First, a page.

Set aside, for now, the tremendous social harm done by lotteries. (They are wasteful, manipulative, and regressive methods for raising government revenue.) From a personal finance perspective, it’s fine to buy a lottery ticket.
True, your chances of winning the lottery are next to nothing. But your chances of winning without a ticket is absolutely nothing. And the leap from absolutely nothing to next to nothing is infinity. A $2.00 ticket gets you a chance at a very high rate of return.
But, since your chances of winning the lottery are extremely small no matter how many tickets you buy, buying additional tickets is not a good investment. An infinitesimal chance multiplied by two or even six is still infinitesimal. You are better off doing something else with that extra $2.
So just buy one lottery ticket. Use the other $2.00 to buy a coffee. Sit down with that coffee and a pen and paper and set a timer for 30 minutes. Start to write down what you would do with your winnings if you hit the jackpot.
By writing down your heart’s desire, you will doubtless learn a lot about yourself. But be very specific. Fantasizing you would quit your job if you won, or would stop smoking, or take a trip to the French Riviera is a good start — but you’d have millions left over. So what else would you do? Start a charitable foundation? Volunteer? For which organizations?
Concretely exploring one’s own personal thoughts and feelings promotes well-being. All of this imagining may put you on a path to positive change without winning the lottery after all. Consider it a very cheap form of self-therapy.
You can even make it couples therapy by taking turns telling each other what you would do. My husband and I had that conversation this week. Turns out he had an elaborate foundation developed in his head — some of his millions went to the arts, other millions went to human and worker rights. Who knew?
Such conversations can be painfully illuminating. A long-standing joke tells the story of a husband comes home to his wife and asks, don’t think about it, what would you do if we won the lottery. She says in a heartbeat. I would leave you and live on the beach. Stunned he said, well we won $5.00, here is $2.50.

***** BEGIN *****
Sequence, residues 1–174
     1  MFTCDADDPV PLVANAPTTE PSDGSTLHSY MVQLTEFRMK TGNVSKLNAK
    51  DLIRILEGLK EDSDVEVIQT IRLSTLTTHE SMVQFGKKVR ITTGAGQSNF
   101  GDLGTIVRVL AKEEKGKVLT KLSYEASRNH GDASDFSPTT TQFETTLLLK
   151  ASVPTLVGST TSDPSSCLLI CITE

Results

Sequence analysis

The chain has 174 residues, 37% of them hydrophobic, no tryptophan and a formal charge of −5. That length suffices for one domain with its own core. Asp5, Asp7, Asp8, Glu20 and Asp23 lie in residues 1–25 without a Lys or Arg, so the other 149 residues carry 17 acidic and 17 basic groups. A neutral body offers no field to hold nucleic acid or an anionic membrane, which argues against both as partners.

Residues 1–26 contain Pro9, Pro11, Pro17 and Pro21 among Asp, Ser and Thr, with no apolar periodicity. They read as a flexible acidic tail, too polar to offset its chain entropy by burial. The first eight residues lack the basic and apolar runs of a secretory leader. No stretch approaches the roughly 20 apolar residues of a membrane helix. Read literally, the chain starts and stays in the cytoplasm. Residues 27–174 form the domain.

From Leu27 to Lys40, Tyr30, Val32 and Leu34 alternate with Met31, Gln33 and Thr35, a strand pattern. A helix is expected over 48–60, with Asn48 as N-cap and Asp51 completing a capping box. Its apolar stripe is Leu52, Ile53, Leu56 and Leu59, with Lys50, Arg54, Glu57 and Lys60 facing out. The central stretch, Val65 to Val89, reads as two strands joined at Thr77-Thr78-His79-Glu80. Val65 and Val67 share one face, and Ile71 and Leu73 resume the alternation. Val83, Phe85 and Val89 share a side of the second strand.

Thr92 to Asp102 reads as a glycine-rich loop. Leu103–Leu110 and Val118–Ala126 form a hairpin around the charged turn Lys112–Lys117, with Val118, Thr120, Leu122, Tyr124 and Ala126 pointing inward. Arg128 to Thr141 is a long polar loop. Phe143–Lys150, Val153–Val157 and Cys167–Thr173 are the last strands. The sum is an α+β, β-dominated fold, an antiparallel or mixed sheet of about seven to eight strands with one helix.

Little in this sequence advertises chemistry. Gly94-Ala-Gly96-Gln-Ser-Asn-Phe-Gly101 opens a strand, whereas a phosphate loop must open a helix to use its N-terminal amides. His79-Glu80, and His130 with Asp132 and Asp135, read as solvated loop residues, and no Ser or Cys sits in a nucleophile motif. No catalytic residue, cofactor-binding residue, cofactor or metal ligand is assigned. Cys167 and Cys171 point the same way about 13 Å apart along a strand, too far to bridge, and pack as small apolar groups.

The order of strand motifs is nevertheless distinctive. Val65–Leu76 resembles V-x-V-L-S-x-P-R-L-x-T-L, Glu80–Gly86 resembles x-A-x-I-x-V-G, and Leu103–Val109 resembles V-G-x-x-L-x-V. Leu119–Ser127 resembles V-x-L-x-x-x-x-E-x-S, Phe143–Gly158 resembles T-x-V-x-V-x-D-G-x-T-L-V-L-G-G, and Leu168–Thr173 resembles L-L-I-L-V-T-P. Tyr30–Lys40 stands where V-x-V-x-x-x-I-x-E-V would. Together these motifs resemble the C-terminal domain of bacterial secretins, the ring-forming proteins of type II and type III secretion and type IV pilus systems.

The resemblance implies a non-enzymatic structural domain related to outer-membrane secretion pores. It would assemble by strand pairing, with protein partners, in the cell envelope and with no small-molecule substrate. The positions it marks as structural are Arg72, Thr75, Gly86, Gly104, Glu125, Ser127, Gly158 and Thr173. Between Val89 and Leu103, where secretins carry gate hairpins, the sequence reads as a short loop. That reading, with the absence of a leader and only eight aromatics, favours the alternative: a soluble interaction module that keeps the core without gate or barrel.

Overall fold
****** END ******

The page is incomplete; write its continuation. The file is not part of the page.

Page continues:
The traditional finance answer about whether you should buy a lottery ticket is to multiply the probability of winning the prize by the value of the ticket. William Baldwin at Forbes worked that out in this round of Powerball, your chances of winning were 1 in 292 million. That ratio times $1.9 billion is $1.45. You are spending $2.00 for something worth $1.45.
Logic says you walk away.
If the value of the ticket is less than $2, and it is, you don’t buy it. But I say enhanced logic says buy if you learn from your dreams and fantasies about what you would do if you were a billionaire, then go for it. For a true cost of $0.55, it’s a pretty cheap form of entertainment.
Researchers used to say that winning a lottery doesn’t change a person’s baseline happiness; that whatever happiness one got from winning was short lived. But a 2020 study of a group of Swedish lottery winners found that — perhaps not surprisingly — winning large amounts of money did seem to increase their overall life satisfaction. The effect lasted years.
So go ahead, buy one lottery ticket. Just don’t take your winnings to a casino.
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This column does not necessarily reflect the opinion of the editorial board or Bloomberg LP and its owners.
Teresa Ghilarducci is the Schwartz Professor of Economics at the New School for Social Research. She’s the co-author of “Rescuing Retirement” and a member of the board of directors of the Economic Policy Institute.
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